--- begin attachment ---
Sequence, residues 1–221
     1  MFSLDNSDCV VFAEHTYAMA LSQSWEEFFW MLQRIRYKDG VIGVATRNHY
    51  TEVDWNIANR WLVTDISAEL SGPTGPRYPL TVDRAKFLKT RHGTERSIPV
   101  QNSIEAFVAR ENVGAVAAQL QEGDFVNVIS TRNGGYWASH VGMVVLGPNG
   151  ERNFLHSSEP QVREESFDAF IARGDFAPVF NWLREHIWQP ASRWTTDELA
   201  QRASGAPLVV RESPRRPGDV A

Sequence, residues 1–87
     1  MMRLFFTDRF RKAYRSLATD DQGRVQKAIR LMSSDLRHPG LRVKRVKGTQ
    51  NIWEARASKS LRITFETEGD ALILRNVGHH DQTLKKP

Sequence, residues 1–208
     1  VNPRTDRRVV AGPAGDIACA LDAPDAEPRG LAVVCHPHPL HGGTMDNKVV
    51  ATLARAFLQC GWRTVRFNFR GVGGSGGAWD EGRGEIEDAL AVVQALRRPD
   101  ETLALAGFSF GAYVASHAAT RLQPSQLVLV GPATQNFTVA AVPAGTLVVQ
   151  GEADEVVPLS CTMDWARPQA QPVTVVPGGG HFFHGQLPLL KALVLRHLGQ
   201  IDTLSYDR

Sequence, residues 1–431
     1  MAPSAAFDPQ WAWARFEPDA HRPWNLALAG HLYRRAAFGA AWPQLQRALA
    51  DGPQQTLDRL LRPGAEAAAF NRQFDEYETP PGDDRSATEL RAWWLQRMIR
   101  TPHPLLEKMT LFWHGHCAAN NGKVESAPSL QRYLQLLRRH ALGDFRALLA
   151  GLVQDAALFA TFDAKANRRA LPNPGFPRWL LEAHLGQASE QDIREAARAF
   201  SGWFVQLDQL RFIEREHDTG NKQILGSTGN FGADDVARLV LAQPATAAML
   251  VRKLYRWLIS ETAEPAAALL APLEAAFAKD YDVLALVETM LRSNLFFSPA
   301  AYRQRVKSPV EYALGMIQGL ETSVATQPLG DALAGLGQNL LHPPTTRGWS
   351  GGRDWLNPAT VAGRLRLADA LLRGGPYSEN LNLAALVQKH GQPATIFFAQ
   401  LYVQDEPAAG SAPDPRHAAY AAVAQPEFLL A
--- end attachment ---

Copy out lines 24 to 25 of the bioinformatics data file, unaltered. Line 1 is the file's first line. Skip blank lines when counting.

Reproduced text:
   351  GGRDWLNPAT VAGRLRLADA LLRGGPYSEN LNLAALVQKH GQPATIFFAQ
   401  LYVQDEPAAG SAPDPRHAAY AAVAQPEFLL A